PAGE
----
Page 477 - Week 02 - Tuesday, 21 February 2012

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Proposed new clauses 12A and 12C to 12E agreed to.

Remainder of bill, by leave, taken as a whole and agreed to.

Bill, as amended, agreed to.

Children and Young People (Transition to Independence) Amendment Bill 2011

Debate resumed from 16 February, on motion by Ms Hunter:

That this bill be agreed to in principle.

MS HUNTER (Ginninderra—Parliamentary Leader, ACT Greens) (11.08), in reply: Obviously now that we have passed the Children and Young People (Transition from Out-of-Home Care) Amendment Bill there is no longer any need to continue with this debate. But I would like to speak briefly about my bill—the Children and Young People (Transition to Independence) Amendment Bill. I would like to thank all of the people who have been involved in the process along the way. It was quite some time ago, late in 2010 or so, that I was able to do some consultation with a wide range of people—young people in out-of-home care, those who had previously been in out-of-home care, carers, care providers, foster carers, kinship carers—to discuss this issue of independence.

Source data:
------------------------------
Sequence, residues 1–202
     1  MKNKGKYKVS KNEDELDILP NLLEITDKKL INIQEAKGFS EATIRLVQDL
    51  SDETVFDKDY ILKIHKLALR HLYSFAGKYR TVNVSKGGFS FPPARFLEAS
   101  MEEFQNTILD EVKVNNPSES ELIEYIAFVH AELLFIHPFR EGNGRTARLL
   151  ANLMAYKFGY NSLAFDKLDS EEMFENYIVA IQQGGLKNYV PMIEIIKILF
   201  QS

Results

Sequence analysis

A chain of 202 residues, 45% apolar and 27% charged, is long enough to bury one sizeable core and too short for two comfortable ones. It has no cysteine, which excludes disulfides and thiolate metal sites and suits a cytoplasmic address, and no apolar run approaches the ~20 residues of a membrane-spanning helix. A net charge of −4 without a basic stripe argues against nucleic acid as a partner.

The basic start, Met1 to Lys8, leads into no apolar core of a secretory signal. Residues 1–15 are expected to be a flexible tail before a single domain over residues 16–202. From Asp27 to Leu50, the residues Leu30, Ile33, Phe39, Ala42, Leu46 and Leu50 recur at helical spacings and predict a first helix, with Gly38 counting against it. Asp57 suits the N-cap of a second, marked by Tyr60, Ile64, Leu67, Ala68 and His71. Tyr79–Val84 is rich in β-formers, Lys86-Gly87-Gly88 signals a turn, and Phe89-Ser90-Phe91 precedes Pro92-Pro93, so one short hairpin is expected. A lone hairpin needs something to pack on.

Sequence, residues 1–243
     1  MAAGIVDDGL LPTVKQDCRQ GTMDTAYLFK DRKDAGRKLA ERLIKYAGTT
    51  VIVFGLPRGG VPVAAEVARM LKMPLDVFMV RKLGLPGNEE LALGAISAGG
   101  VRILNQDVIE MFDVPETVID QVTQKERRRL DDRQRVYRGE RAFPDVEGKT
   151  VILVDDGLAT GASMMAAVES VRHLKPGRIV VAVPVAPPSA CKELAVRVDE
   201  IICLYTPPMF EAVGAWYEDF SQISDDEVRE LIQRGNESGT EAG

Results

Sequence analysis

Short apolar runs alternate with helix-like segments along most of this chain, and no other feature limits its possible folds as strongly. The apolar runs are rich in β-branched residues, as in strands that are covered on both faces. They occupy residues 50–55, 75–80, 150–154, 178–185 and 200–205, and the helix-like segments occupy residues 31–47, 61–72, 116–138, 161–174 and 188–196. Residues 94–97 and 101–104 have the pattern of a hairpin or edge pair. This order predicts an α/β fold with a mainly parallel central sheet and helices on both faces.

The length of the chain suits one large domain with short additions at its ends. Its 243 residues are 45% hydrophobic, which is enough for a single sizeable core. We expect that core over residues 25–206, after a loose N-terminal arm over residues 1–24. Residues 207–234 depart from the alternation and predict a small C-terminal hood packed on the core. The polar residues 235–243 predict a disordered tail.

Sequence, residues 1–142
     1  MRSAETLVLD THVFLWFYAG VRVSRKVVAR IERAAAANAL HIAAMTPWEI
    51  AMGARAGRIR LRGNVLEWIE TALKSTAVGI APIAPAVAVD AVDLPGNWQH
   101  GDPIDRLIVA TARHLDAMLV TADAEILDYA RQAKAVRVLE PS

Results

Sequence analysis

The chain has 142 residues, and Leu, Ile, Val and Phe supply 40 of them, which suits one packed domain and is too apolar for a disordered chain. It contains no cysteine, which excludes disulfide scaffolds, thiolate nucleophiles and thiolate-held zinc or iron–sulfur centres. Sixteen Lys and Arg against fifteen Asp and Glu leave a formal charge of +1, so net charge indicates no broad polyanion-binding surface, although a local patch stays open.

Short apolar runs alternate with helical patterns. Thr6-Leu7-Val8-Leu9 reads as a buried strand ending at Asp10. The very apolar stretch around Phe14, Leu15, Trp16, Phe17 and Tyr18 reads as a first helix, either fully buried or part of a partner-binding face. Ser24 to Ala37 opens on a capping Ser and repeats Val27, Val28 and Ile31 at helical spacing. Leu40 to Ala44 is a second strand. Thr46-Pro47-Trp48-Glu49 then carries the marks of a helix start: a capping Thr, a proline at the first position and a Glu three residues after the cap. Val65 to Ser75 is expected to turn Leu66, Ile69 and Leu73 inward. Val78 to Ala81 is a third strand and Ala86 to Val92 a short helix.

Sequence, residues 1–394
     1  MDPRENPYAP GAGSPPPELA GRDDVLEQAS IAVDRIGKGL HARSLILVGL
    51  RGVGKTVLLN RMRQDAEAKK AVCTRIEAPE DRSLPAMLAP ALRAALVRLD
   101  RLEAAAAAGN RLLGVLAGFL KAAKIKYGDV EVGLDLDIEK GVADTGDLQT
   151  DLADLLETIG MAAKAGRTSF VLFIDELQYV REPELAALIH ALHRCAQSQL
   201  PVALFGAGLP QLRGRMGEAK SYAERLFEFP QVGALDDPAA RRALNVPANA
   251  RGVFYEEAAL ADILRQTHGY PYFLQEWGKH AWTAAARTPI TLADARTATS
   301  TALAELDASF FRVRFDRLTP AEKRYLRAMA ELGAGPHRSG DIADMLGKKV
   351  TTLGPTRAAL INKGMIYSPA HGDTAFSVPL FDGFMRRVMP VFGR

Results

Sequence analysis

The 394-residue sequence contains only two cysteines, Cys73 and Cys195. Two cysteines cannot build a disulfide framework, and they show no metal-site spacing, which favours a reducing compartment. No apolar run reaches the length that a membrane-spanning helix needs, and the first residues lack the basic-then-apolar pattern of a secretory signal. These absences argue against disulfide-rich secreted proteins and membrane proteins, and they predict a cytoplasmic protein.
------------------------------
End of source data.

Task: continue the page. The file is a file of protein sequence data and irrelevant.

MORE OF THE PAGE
That was put into a discussion paper that received responses from right across the community, and that then informed the Greens’ way forward, which was to draft the bill. This was a bill that, of course, I tabled in August of last year.

I am pleased to see that the government has picked up almost all of that bill. What we debated with the amendments to the government bill this morning was where there were some differences, and I am pleased to have had support, particularly from Mrs Dunne, to ensure that for things like possessions there will be a clear list and it will be clearly kept and that we will not have interest on any financial assistance given, for instance.

The one area which, of course, I am disappointed about is the charter of rights for children and young people in out-of-home care. We have gone over that debate earlier. But, apart from that, I think it is a great moment in the Assembly that we have got this legislation through. We have changed what we are doing with young people in that transitioning stage. We were the only jurisdiction to stop that support at the age of 18 in legislation. All other jurisdictions were at 21 and up to 25 years. It is a great day where we have made significant reform to ensure that those young people are going to be, as much as possible, on equal footing with their peers who have not been in out-of-home care.

Many of us here are parents. We know that once a young person turns 18 that does not mean that our parenting role and responsibilities and care end—it goes on for many years after that. It is good to see that we are now acknowledging that with the children

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